Thousands of workers all across Arizona and the United States experience carpal tunnel syndrome. They complain of similar symptoms of numbness, tingling and weakness. The jobs they perform may be significantly different from one another, but each typically involves repetitive motions of the hands and wrists.
If you are one of these employees, you may see your workers’ compensation claim for carpal tunnel syndrome denied, at least initially. This can result in feelings of surprise and frustration. Why can it be difficult to file a claim for carpal tunnel syndrome and receive compensation?
According to the Mayo Clinic, research into carpal tunnel syndrome has not yet established work-related factors as a direct cause of the condition. Though there may be a perceived link between prolonged computer use and carpal tunnel syndrome in the public imagination, as of yet there is not enough quality evidence that consistently demonstrates a connection.
Adding to the difficulty is that carpal tunnel syndrome may be multifactorial, meaning that it can have more than one cause. Many of the risk factors for carpal tunnel syndrome, such as age, weight, sex and pre-existing medical conditions, have nothing to do with your work. The workers’ compensation insurance company may try to capitalize on this fact, arguing that your work-related activities were not a significant contributing factor.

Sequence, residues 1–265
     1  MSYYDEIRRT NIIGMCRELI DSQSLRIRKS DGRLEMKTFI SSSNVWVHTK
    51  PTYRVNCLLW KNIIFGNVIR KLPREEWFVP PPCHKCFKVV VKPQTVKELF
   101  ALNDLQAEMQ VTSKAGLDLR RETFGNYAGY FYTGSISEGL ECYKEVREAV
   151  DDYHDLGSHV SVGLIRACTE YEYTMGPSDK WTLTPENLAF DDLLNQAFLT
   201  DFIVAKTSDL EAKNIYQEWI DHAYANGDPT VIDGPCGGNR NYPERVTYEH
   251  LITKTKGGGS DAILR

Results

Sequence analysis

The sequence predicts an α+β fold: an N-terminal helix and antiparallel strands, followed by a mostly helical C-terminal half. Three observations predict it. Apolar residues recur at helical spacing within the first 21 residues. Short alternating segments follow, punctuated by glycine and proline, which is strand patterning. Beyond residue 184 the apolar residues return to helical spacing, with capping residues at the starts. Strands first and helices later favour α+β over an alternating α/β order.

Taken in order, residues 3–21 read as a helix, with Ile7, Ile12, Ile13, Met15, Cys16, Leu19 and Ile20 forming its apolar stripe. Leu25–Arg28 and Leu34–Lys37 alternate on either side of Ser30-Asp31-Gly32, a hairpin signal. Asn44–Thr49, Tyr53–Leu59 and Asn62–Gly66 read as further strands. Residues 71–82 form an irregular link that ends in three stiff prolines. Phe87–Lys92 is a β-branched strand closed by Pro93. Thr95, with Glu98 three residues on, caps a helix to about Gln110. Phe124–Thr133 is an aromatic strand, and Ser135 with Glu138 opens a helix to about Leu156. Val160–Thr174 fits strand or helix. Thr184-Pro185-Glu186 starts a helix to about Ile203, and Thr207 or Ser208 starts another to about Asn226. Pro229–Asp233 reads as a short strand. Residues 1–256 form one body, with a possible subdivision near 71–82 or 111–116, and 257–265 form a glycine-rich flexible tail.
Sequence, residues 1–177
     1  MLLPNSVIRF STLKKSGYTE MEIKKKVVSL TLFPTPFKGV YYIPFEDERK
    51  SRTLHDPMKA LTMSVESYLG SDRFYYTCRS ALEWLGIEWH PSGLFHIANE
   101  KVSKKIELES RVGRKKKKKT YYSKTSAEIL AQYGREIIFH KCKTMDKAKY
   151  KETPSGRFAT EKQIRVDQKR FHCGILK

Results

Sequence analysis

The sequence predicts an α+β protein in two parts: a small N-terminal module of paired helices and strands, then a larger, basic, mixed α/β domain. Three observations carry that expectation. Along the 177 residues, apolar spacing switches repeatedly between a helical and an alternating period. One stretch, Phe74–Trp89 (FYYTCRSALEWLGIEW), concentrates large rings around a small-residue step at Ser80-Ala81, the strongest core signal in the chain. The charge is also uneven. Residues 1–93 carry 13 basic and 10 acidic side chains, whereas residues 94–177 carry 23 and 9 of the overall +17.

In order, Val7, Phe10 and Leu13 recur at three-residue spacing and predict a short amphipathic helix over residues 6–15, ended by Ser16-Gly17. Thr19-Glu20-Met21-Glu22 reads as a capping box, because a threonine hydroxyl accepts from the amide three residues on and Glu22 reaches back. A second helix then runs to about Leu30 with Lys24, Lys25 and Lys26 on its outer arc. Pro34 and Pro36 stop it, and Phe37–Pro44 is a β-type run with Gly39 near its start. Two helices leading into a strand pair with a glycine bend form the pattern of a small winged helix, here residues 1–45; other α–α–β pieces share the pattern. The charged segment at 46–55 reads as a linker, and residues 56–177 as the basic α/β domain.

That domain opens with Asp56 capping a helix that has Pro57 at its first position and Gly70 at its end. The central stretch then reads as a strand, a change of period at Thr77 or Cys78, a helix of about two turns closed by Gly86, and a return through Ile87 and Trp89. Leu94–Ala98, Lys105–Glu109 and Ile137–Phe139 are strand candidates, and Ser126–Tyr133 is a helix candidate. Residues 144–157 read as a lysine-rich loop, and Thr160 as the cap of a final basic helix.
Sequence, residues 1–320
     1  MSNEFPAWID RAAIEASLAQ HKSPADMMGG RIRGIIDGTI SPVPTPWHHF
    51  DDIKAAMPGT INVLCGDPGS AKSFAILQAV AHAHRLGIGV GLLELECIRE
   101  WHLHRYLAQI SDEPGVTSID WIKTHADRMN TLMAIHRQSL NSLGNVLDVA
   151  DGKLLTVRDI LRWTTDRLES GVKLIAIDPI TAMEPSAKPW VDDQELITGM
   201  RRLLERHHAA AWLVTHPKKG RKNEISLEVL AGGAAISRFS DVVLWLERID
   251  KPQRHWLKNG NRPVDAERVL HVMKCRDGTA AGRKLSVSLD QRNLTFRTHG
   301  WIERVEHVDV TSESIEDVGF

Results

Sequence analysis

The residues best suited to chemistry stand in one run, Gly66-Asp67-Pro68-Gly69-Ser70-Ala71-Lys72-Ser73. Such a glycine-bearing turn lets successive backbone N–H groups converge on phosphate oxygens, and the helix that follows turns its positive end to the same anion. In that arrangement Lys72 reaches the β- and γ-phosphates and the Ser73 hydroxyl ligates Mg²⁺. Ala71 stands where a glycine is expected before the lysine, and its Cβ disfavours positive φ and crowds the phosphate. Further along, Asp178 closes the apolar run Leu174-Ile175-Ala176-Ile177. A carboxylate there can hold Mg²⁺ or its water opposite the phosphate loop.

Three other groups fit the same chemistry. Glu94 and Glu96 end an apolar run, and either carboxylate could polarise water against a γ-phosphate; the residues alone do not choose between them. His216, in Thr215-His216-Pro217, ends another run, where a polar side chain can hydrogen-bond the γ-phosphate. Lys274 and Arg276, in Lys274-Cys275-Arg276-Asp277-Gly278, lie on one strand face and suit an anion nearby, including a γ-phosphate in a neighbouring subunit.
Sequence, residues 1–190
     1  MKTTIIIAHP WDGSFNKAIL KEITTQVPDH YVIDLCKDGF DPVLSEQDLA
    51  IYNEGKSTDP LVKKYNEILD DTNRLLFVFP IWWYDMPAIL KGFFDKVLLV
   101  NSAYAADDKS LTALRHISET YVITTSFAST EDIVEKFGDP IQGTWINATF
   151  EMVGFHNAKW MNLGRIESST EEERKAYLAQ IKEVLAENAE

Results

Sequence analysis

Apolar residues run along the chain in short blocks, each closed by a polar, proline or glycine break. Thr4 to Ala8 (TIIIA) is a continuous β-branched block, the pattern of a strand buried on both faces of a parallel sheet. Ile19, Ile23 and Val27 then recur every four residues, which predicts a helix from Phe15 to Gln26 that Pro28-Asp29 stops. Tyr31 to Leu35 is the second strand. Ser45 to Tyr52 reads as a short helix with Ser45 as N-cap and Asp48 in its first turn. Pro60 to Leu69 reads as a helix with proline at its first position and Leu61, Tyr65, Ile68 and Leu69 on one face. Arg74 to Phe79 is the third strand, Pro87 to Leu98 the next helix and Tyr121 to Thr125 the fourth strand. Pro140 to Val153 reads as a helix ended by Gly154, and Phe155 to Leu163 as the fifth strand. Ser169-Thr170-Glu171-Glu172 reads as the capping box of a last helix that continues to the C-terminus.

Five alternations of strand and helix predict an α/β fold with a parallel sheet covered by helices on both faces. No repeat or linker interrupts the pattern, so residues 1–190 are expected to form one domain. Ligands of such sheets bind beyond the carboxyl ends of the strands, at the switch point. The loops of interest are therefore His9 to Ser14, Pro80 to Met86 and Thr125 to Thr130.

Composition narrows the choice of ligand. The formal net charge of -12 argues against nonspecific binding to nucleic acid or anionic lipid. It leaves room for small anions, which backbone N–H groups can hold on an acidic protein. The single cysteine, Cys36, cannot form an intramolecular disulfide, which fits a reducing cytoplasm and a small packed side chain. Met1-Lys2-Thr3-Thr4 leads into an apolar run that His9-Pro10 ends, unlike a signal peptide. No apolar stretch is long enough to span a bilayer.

This is not to say that you should not file a claim for carpal tunnel syndrome, only that it may be more difficult to obtain compensation than you anticipate. If you have reason to believe that any injury you sustain relates to your work activities, the best course of action is to file a work comp claim as soon as possible.
The information in this article is not intended as legal advice but provided for educational purposes only.